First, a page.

Looking back at my media feed over the last six months, I have to say, lying is the new black.
Granted, as someone pushing 40, I can’t say I haven’t told a few fibs in my life. For example, I remember being 16 and telling my then-high boyfriend his hair loss wasn’t that noticeable, when in fact it was. But there’s a difference between telling “little lies” and being caught in absolute fabrications like the individuals above.
Whenever people, especially public figures, are caught in major lies, there’s a certain sense of glee from the peanut gallery. Even if we don’t say it publicly, we feel a sense of moral superiority that goes something like: “I’d never go that far!”
And despite the fact that shaming is wrong in general, there may actually be an upside to public shaming. For example, Peter Singer, professor of bioethics at Princeton University, is quoted by the Sydney Morning Herald as saying: “Public shaming can be a useful mechanism for improving moral standards.” However, as he and others caution, there’s a limit as to how much good shaming can do and too much may be damaging.
Still, the question remains: why do some of us tell major lies in the first place, and why do so many of us believe them?
In an interview about the Gibson case, psychologist and author Wendy L. Patrick says the answer to the latter part is simple: we want to believe them—especially if they come across as likable.
In a case like Gibson’s, it makes perfect sense that so many of us fell for her story hook, line, and sinker. Who wouldn’t want to believe that a plucky young woman beat terminal cancer by changing her diet?
Few things are scarier than premature death. Gibson’s claim that she turned things around by gleaning information about nutrition certainly gives us the appearance of someone taking control and defeating something as unpredictable and uncontrollable as cancer.
Whereas, Jackie’s graphic, now-discredited account of a ritualized gang rape in Rolling Stone certainly isn’t uplifting—it’s so horrific, it taps into our deepest fears and presses our empathy buttons. (As a survivor of sexual assault, when I read that for the first time, I was thankful that despite how bad my own experience was, it wasn’t nearly as bad as what I just read.)
Ironically, the bigger the lie, the more likely we are to believe it.
The fact that we have access to vast amounts of information at the touch of a button makes us think that no one would be dumb enough to falsify anything in this day and age of Google.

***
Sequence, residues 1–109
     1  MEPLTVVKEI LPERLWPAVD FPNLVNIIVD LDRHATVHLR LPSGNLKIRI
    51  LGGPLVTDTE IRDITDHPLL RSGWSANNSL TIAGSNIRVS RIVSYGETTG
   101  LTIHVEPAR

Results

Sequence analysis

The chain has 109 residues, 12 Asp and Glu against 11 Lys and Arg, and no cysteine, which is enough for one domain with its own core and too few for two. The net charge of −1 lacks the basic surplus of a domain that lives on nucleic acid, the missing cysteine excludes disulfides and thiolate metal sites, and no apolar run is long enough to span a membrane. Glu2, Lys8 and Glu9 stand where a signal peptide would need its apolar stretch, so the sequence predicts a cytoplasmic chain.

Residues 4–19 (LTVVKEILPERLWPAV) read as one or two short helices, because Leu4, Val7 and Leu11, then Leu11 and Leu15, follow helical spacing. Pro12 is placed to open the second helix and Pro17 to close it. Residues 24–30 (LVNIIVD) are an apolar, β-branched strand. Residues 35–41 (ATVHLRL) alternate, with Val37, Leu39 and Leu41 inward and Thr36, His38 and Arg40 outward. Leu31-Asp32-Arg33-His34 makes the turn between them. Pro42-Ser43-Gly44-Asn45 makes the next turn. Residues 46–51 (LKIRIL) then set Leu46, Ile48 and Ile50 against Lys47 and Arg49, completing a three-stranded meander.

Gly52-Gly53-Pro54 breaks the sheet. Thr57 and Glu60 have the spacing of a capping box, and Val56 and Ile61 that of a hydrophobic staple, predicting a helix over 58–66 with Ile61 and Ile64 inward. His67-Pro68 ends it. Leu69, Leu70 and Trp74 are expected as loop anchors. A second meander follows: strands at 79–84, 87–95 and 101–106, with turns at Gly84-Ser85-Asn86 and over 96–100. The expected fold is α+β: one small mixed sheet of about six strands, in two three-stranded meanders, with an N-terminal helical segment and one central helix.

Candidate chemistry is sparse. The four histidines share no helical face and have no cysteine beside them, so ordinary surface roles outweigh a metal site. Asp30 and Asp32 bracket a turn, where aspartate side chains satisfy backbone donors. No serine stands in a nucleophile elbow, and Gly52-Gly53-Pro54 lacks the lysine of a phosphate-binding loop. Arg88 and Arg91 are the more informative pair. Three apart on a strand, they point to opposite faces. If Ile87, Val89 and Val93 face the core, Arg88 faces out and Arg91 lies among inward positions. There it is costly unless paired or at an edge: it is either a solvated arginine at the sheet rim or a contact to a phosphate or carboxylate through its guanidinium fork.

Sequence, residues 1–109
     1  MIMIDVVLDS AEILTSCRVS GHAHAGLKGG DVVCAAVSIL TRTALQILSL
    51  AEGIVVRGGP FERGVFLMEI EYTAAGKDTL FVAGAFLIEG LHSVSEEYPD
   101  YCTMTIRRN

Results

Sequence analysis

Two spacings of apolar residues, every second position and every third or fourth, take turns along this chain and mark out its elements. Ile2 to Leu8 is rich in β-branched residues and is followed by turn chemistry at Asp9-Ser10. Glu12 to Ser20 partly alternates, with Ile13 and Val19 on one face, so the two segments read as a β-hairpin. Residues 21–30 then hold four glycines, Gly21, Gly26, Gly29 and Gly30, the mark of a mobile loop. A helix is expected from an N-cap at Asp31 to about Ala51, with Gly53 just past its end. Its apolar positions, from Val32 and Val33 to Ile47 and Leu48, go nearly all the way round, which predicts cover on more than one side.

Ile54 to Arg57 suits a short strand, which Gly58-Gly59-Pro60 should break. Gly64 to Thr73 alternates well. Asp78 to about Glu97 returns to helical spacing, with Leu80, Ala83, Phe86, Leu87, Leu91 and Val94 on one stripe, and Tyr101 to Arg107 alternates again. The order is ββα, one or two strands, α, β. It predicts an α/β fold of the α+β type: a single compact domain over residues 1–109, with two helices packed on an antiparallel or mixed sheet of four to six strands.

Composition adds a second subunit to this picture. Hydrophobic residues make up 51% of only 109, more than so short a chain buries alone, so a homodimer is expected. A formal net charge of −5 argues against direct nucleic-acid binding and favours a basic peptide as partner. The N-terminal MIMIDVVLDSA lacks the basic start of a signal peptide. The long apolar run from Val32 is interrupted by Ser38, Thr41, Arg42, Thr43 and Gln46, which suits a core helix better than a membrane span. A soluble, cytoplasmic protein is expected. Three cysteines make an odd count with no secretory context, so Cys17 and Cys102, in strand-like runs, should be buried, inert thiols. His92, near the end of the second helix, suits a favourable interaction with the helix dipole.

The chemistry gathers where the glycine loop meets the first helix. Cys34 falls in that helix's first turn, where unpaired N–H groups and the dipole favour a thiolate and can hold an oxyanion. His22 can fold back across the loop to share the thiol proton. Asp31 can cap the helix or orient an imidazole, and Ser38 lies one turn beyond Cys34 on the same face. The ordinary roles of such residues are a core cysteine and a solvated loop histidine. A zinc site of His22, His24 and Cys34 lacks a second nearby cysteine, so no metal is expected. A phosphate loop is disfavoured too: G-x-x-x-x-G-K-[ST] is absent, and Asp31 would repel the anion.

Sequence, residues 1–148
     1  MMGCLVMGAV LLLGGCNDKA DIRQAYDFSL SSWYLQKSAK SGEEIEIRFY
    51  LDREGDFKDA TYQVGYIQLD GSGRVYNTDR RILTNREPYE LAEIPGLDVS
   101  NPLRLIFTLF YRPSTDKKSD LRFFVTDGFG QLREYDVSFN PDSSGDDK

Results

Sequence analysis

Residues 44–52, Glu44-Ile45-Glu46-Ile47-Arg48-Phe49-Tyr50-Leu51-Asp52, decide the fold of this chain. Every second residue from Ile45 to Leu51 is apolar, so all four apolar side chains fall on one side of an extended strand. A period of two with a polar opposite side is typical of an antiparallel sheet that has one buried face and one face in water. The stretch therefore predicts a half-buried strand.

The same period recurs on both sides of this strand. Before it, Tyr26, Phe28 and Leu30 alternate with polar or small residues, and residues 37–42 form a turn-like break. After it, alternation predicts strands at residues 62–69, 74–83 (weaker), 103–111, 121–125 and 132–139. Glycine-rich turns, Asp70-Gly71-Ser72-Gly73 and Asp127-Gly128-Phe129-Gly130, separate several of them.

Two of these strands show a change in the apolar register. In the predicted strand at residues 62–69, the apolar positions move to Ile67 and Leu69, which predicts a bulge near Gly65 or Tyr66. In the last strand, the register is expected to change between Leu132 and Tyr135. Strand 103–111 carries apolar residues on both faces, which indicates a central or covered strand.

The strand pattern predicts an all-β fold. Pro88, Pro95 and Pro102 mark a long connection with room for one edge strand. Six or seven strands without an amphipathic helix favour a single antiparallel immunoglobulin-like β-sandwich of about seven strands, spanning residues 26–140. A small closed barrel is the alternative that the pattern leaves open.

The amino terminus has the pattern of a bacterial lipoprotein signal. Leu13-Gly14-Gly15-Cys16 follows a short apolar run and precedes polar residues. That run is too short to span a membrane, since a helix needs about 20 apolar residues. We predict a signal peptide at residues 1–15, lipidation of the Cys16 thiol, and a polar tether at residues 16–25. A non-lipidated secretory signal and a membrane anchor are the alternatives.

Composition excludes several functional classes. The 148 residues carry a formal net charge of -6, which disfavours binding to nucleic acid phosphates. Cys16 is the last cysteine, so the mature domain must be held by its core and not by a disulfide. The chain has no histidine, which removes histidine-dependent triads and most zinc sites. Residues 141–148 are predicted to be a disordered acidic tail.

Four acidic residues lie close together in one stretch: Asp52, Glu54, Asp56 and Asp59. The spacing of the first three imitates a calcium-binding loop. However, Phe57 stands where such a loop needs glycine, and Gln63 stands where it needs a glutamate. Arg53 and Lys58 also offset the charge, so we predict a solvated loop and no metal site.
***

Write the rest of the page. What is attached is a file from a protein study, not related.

However, people can and do lie all the time, and the majority of liars we encounter, and whose lies have the deepest impact on our lives, are those we consider our friends or lovers.
Years ago, I worked in mortgages and heard stories from people who had taken out loans for friends, family members and spouses. I heard it time and again: “I trusted this person. I believed them, and they ended up betraying me.”
It’s impossible to go through life without falling for at least one major lie, but there is something we do to lessen the times it happens: retain a healthy bit of skepticism.
Despite what we’re lead to believe, it isn’t rude to question or ask for proof when someone makes extraordinary claims or tells a story that just doesn’t sound right. For those of us who write, it’s imperative to check sources before we ever think of publishing.
Personal relationships are trickier since by their very nature we’re more personally invested, but during the honeymoon phase of a romantic relationship or friendship, it’s important to be aware of any red flags and listen to our guts if something doesn’t feel right.
Likewise, we should be careful with the lies we tell to ourselves or others. Even little lies can snowball into big ones or take on a life of their own that we never anticipated. And as anyone who’s ever told a lie can attest to, making up a story requires remembering details that are much harder to recall than ones that are true.
Sometimes honesty isn’t just the best policy, it’s also the easiest.
Author: Kimberly Lo
Editor: Evan Yerburgh